The Missouri Chamber of Commerce and Industry wants Gov. Mike Parson to call a special session to put an end to “opportunistic COVID-19 lawsuits”. In a press release, the Chamber says coronavirus liability is an emerging problem in Missouri involving those who believe they might have contracted the virus at a business and wants to sue the organization.
President Dan Mehan says the Chamber is not calling for protections for businesses that defy government orders and ignore public health recommendations. He wants companies protected that are making a good-faith effort and taking the necessary precautions.
During Wednesday’s coronavirus briefing, the governor appeared open to the idea of a special session to deal with coronavirus liability.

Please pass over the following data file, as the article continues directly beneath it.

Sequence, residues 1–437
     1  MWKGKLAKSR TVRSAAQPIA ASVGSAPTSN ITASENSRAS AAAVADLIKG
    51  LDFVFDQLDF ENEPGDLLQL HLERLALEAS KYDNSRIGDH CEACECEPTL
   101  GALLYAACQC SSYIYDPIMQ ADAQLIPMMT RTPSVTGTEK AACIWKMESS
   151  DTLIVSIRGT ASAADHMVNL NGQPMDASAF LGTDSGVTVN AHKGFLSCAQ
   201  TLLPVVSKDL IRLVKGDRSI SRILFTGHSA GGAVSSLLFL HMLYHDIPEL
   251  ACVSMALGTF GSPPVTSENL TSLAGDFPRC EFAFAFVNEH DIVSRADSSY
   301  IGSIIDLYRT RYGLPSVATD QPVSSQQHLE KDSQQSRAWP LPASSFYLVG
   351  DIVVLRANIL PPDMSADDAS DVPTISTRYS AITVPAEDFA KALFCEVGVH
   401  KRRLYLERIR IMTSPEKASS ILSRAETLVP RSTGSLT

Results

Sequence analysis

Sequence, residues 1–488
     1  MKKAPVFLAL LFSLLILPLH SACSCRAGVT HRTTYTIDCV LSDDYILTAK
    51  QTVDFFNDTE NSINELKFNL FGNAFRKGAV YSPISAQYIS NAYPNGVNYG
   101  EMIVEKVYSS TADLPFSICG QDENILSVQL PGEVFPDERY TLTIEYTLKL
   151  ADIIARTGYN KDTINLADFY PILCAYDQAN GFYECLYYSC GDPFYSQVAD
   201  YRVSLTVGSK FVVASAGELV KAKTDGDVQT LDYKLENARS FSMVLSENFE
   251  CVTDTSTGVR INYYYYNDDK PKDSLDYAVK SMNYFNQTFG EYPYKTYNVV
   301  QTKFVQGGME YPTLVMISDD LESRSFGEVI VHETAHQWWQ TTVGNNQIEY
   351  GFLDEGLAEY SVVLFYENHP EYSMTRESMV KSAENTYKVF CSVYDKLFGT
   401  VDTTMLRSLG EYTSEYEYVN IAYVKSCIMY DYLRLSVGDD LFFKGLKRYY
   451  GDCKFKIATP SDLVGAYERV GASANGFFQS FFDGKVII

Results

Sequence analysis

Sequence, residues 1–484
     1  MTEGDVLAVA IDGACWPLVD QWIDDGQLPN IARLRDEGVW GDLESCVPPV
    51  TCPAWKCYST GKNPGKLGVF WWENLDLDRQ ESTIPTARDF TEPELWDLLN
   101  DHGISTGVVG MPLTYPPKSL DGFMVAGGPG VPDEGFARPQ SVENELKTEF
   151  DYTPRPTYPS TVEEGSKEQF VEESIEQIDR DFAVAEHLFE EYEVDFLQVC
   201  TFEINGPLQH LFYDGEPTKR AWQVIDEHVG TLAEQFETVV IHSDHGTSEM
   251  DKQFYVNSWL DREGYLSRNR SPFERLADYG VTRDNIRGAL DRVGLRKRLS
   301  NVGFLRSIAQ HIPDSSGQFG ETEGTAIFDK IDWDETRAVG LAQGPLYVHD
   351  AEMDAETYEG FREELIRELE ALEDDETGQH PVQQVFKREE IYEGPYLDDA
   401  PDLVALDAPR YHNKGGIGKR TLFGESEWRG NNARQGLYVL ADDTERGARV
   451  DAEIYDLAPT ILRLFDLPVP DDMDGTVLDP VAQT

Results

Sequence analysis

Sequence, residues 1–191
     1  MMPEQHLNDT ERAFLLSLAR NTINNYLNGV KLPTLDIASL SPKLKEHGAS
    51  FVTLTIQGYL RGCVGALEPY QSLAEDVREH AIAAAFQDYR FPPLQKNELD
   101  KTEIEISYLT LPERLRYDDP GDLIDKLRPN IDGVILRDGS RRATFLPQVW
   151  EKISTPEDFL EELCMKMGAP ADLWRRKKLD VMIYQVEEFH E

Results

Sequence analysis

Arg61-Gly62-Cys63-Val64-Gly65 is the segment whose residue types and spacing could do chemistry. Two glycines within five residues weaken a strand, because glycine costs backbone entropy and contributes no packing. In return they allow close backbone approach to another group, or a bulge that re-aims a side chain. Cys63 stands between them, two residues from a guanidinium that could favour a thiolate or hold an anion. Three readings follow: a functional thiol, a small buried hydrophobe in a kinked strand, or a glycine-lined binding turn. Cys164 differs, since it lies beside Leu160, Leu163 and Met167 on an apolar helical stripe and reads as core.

“It’s quite apparent we’re going to have to deal with the legal challenges that go along with COVID-19,” says Parson. “Whatever we need to do – calling the legislators back but it won’t be for one individual thing if I call them back. We’ll have some things in place that we need to do. There are still some issues that are very important to the state that needs to be addressed. We’re not going to let attorneys go out here and sue everybody because they were doing their jobs of COVID-19. So, whatever it takes to kind of even that playing field, we’re planning on doing it in Missouri.”
Some state lawmakers and the governor have said a special session is likely later this year to deal with coronavirus-related issues and funding. After the Legislature adjourned Friday, Missouri House Speaker Elijah Haahr, R-Springfield, told reporters he expects a special session would mainly involve budget issues.
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